Procrastination is the soul rebelling against entrapment.

We ask, "Why is he rich (or poor)?" not, "Why isn't he richer (or poorer)?"; "Why is the crisis so deep?" not "Why isn't it deeper?"

The opposite of manliness isn't cowardice; it's technology.

The difference between slaves in Roman and Ottoman days and today's employees is that slaves did not need to flatter their boss.

Atheism (materialism) means treating the dead as if they were unborn. I won't. By accepting the sacred, you reinvent religion.

To mark a separation between holy and profane, I take a ritual bath after any contact, or correspondence (even emails), with consultants, economists, Harvard Business School professors, journalists and those in similarly depraved pursuits; I then feel and act purified from the profane until the next episode.

Just as no monkey is as good-looking as the ugliest of humans, no academic is worthier than the worst of the creators.

Some pursuits are much duller from the inside. Even piracy, they say.

Karl Marx, a visionary, figured out that you can control a slave much better by convincing him he is an employee.

It is a very recent disease to mistake the unobserved for the nonexistent; but some are plagued with the worse disease of mistaking the unobserved for the unobservable.

The difference between love and happiness is that those who talk about love tend to be in love, but those who talk about happiness tend to be unhappy.

Some, like most bankers, are so unfit for success that they look like dwarves dressed in giants' clothes.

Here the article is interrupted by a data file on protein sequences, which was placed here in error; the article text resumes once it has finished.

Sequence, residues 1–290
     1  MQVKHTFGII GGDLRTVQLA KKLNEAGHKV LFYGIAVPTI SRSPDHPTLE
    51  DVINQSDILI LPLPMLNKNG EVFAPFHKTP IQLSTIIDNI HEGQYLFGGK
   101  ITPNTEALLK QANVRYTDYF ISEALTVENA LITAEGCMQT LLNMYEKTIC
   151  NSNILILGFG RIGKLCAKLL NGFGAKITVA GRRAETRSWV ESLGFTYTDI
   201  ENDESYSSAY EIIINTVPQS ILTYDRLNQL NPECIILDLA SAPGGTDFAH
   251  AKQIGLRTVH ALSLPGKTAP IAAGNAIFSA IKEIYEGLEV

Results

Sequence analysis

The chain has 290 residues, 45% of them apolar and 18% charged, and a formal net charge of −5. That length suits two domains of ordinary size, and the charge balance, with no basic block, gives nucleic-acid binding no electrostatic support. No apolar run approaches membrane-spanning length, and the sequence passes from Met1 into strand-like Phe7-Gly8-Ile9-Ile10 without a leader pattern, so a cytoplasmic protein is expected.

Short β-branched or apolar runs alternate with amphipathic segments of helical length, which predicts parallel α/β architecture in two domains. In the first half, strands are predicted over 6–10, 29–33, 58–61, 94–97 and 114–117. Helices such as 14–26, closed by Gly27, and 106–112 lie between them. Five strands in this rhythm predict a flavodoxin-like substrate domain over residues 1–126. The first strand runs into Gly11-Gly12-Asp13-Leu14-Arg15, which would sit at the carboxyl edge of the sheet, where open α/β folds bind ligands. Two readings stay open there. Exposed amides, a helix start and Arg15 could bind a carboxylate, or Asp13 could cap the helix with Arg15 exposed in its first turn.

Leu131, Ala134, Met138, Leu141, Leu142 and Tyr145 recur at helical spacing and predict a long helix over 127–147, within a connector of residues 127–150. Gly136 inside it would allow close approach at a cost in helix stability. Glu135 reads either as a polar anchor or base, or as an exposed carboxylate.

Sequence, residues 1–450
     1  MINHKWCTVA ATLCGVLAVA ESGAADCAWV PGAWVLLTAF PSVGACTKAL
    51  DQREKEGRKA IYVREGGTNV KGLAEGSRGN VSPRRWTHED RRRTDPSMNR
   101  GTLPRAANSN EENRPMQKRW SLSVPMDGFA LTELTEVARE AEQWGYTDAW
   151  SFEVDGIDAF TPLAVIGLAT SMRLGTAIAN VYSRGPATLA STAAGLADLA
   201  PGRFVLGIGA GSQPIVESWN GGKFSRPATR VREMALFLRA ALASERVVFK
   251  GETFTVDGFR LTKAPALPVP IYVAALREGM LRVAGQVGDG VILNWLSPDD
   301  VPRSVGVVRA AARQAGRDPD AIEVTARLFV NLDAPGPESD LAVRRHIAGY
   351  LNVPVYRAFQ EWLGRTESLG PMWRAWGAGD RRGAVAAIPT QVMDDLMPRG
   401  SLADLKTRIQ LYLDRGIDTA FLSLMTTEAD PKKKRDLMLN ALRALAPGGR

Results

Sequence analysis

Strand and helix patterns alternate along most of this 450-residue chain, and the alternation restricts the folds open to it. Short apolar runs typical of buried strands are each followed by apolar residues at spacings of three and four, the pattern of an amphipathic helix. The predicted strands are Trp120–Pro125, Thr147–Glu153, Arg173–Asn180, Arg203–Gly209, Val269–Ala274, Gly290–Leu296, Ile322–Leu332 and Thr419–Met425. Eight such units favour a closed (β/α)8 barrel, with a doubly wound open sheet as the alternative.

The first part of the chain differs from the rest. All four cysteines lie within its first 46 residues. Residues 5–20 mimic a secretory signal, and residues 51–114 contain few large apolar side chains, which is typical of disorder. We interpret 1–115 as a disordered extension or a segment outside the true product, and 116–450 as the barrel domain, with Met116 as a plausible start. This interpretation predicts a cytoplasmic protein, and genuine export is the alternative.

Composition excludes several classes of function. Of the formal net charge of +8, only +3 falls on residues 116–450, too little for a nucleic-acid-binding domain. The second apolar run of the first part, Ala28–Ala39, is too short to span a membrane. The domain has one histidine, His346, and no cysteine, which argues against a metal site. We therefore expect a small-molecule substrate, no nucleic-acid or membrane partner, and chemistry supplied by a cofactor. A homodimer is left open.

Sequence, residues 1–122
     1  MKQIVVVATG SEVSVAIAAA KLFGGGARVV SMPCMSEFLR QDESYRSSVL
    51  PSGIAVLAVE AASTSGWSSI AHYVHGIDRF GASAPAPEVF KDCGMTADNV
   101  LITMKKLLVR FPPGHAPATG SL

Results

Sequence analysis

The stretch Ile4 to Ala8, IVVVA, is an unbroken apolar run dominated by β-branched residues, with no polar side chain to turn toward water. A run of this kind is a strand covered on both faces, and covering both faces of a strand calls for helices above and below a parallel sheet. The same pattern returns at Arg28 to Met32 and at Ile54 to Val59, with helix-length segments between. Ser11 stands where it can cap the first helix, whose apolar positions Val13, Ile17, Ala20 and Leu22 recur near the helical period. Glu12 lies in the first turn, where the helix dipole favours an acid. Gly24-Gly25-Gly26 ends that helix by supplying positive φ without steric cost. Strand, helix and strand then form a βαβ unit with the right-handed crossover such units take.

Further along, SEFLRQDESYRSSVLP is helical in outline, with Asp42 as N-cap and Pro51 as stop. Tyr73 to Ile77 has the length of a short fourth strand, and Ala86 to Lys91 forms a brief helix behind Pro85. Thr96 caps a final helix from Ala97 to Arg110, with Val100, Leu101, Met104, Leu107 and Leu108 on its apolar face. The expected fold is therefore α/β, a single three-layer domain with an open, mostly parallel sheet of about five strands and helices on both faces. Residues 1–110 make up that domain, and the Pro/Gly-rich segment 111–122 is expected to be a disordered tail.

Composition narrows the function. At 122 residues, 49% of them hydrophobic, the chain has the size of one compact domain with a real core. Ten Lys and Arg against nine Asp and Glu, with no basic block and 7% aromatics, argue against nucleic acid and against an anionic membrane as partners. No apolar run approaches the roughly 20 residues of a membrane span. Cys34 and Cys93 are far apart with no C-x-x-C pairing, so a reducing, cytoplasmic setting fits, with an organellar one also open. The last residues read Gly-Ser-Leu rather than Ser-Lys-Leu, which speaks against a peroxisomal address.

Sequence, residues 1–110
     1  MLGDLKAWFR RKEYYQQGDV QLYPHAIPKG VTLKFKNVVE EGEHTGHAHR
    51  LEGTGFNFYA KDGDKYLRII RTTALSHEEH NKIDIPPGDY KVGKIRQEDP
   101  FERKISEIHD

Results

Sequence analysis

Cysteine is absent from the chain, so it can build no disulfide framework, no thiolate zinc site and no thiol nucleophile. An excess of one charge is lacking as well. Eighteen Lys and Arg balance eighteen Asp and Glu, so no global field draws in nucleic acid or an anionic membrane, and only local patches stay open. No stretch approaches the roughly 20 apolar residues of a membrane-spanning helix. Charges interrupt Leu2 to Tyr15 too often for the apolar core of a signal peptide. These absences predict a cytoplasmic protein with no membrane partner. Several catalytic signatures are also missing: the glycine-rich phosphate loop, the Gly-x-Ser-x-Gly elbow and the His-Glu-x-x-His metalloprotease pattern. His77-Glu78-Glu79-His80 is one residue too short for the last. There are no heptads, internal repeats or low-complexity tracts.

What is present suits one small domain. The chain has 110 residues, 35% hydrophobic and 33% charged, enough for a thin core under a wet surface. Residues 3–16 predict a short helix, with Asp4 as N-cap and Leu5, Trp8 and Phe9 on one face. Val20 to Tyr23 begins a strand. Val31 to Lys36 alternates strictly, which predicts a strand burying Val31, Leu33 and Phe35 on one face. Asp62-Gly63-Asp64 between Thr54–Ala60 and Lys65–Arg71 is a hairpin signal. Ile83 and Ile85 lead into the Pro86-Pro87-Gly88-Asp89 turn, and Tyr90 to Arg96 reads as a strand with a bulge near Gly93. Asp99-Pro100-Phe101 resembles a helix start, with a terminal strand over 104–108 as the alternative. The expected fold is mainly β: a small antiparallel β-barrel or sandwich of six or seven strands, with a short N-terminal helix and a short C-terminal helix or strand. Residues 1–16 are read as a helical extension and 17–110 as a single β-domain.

They are born, then put in a box; they go home to live in a box; they study by ticking boxes; they go to what is called "work" in a box, where they sit in their cubicle box; they drive to the grocery store in a box to buy food in a box; they go to the gym in a box to sit in a box; they talk about thinking "outside the box"; and when they die they are put in a box. All boxes, Euclidian, geometrically smooth boxes.

The 20th century was the bankruptcy of the social utopia; the 21st will be that of the technological one.

I need to keep reminding myself that a truly independent thinker may look like an accountant.

I wonder if a lion (or a cannibal) would pay a high premium for free-range humans.

The difference between technology and slavery is that slaves are fully aware that they are not free.

A theological Procrustean bed: for the Orthodox since Gregory Palamas and for the Arabs since Algazel, attempts to define God using the language of philosophical universals were a rationalistic mistake.